Posted by: Eeyore at January 05, 2020 09:42 AM (ZbwAu)

So, let's take a look at Mr. Kipling's Army: All the Queen's Men, which was published back in ye olden days of 1987:

The outrageous, but often glorious, story of Britain's pre-World War I Army. This is an upstairs-downstairs view of the Victorian-Edwardian army, one of the world's most peculiar fighting forces. The battles it fought are household words, but the idiosyncracies and eccentricities of its soldiers and the often appalling conditions under which they lived have gone largely unrecorded. Byron Farwell explores here the lives of officers and men, their foibles, gallantry, and diversions, their discipline and their rewards.

As Eeyore and salty mention, Farwell (who served as an officer in the North African and Italian campaigns in World War II and also in the Korean War, and was elected a Fellow of the Royal Society of Literature in 1964) wrote a number of books, but only one I could find has been published as an e-book, and that one is The Great Boer War:

The Great Boer War (1899 - 1902) – more properly the Great Anglo-Boer War – was one of the last romantic wars, pitting a sturdy, stubborn pioneer people fighting to establish the independence of their tiny nation against the British Empire at its peak of power and self-confidence. It was fought in the barren vastness of the South African veldt, and it produced in almost equal measure extraordinary feats of personal heroism, unbelievable examples of folly and stupidity, and many incidents of humor and tragedy. Byron Farwell traces the war’s origins, the slow mounting of the British efforts to overthrow the Afrikaners, the bungling and bickering of the British command, the remarkable series of bloody battles that almost consistently ended in victory for the Boers over the much more numerous British forces, political developments in London and Pretoria, the sieges of Ladysmith, Mafeking and Kimberley, the concentration camps into which Boer families were herded and the exhausting guerrilla warfare of the last few years when the Boer armies were finally driven from the field.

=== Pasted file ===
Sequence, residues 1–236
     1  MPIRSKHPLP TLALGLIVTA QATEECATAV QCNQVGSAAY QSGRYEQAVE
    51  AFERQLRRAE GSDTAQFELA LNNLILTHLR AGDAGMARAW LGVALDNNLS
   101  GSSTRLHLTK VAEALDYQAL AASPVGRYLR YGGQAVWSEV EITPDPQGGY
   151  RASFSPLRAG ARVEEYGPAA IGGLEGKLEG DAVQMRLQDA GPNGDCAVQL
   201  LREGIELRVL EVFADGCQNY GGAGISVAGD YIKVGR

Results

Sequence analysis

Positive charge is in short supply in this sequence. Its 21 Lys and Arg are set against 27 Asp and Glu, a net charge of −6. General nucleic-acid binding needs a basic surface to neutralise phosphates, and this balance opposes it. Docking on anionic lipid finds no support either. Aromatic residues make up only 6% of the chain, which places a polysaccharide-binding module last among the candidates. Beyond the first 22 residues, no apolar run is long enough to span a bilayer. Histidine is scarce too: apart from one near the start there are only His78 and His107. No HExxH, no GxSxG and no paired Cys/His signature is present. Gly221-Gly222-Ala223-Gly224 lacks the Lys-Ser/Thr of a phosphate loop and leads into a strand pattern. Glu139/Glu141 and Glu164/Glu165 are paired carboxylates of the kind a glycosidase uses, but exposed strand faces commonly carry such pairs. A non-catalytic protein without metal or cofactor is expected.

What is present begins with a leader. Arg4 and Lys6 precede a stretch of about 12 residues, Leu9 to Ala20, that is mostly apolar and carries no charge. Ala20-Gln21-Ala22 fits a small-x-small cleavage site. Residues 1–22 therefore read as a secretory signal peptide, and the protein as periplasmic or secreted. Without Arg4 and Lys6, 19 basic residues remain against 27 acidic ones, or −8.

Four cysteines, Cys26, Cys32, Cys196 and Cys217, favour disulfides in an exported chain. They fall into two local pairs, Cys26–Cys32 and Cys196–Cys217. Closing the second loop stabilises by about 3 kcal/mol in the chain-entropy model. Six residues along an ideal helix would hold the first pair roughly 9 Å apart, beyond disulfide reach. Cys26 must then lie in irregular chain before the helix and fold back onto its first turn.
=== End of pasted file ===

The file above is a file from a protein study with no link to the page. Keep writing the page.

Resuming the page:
The Kindle edition is $9.59.

While looking at those Farwell books, Amazon suggested this one, The Encyclopedia of Nineteenth-Century Land Warfare: An Illustrated World View, which is described as

The definitive one-volume reference to the armies, arms, and actions of the century that defined modern warfare.

The Napoleonic Wars opened the century; the American Civil War punctuated its midpoint. Throughout, conflict seldom abated, whether between the European powers on their own continent or between their colonial proxies around the world. Byron Farwell, an authoritative and engaging chronicler of military history, illuminates here all aspects of this colorful, horrifying, compelling century of war.